Buddy Parker was quoted in the 1964 Pro Football Almanac as saying that he thought Len Dawson was too quiet to be a leader. But Len Dawson was a quiet leader, and a lot of great quarterbacks fall into that category.

Playing for Hank Stram’s Dallas Texans

By this time, Hank Stram had become head coach of the American Football League’s Dallas Texans. Dawson eventually asked Paul Brown to release him. Paul Brown okayed the release, and Dawson tried out for Hank Stram’s Dallas Texans. Stram liked the fact that he had worked with Len Dawson previously at Purdue, and that helped Dawson win the starting job. After the Texans won their first game of 1962 with Dawson at quarterback, they traded their previous starting quarterback, Cotton Davidson, to the Raiders to fill in for the injured Tom Flores.

The Dallas Texans won the American Football League championship that year (in 1962) in a famous double-overtime game. By that time, Len Dawson was a star.

Dawson Helps Chiefs win Super Bowl IV

The team moved to Kansas City the next year and became the Kansas City Chiefs. Len Dawson was the oldest member of the Chiefs entering the 1963 season, and he still had much of his greatest football in front of him. The 1963 Pro Football Almanac quoted Hank Stram as saying, “Len’s willingness to accept responsibility for his choice of plays is one of the things that makes him a terrific quarterback.” (Back then most quarterbacks called their own plays.)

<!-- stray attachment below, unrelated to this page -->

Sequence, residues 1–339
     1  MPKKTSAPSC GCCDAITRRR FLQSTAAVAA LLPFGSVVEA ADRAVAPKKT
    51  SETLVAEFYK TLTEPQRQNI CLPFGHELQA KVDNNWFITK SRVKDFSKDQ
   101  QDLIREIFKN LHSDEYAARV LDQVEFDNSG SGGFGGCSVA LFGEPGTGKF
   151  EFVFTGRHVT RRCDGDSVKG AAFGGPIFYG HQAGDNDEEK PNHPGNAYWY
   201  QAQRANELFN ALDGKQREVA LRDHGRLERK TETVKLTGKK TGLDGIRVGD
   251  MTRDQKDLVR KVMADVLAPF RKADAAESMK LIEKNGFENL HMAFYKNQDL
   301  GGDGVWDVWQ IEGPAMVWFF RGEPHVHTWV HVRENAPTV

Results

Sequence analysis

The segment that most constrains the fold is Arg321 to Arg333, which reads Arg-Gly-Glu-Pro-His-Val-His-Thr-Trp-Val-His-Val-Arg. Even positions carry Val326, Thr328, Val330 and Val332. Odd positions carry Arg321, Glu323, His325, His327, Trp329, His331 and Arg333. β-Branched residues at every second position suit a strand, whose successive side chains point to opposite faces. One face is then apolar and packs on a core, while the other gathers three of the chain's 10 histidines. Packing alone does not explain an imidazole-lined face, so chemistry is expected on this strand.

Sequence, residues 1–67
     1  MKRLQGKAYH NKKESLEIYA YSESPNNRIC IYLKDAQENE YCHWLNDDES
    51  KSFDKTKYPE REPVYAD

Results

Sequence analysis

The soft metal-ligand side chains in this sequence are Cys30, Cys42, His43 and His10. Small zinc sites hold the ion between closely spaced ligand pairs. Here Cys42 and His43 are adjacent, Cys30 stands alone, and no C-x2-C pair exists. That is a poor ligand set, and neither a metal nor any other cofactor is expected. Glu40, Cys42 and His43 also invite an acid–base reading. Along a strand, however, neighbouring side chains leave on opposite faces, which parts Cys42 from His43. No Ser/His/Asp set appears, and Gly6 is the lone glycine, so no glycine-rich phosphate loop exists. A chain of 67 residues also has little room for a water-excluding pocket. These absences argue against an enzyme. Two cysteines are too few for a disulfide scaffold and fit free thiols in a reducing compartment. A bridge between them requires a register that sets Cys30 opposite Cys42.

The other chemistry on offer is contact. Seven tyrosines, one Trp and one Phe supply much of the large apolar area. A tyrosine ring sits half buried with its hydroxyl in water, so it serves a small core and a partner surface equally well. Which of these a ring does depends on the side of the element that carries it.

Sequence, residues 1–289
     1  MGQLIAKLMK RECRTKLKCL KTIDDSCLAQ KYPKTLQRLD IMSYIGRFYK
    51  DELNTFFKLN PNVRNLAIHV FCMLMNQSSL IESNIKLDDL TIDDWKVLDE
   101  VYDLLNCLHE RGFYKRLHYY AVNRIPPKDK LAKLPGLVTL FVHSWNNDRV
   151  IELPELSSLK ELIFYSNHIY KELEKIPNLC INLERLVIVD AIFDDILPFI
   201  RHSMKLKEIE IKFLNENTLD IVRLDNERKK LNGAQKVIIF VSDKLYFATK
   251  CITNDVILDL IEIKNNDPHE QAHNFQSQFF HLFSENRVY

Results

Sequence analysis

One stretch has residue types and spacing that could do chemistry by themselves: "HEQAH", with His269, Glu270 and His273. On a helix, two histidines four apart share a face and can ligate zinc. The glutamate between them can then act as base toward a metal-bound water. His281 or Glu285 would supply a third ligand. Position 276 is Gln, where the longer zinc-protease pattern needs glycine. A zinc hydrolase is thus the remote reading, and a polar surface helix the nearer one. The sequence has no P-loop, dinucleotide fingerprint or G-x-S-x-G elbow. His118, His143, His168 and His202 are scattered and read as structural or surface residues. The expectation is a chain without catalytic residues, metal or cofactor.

Dawson led the Chiefs to Super Bowl I and later to a victory over the Minnesota Vikings in Super Bowl IV. Dawson was also named the Most Valuable Player of Super Bowl IV.

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Len Dawson Stats and Bio

  • Set several Big 10 passing records at Purdue
  • Steelers first-round draft choice in 1957
  • Led Dallas Texans to 1962 AFL Championship
  • Led Kansas City Chiefs to two Super Bowls
  • Owns NFL record for most seasons leading league in completion percentage (8)
  • Inducted into the Pro Football Hall of Fame in 1987
  • Walter Payton NFL Man of the Year Award winner in 1973

Hear More on The Game Before the Money Podcast:

Looking for a great NFL history book? Check out The Game Before the Money: Voices of the Men Who Built the NFL available at — Amazon.com – Barnes and Noble – University of Nebraska Press

Like sports history? Listen to The Game Before the Money Podcast! Most episodes include stories from legendary football stars.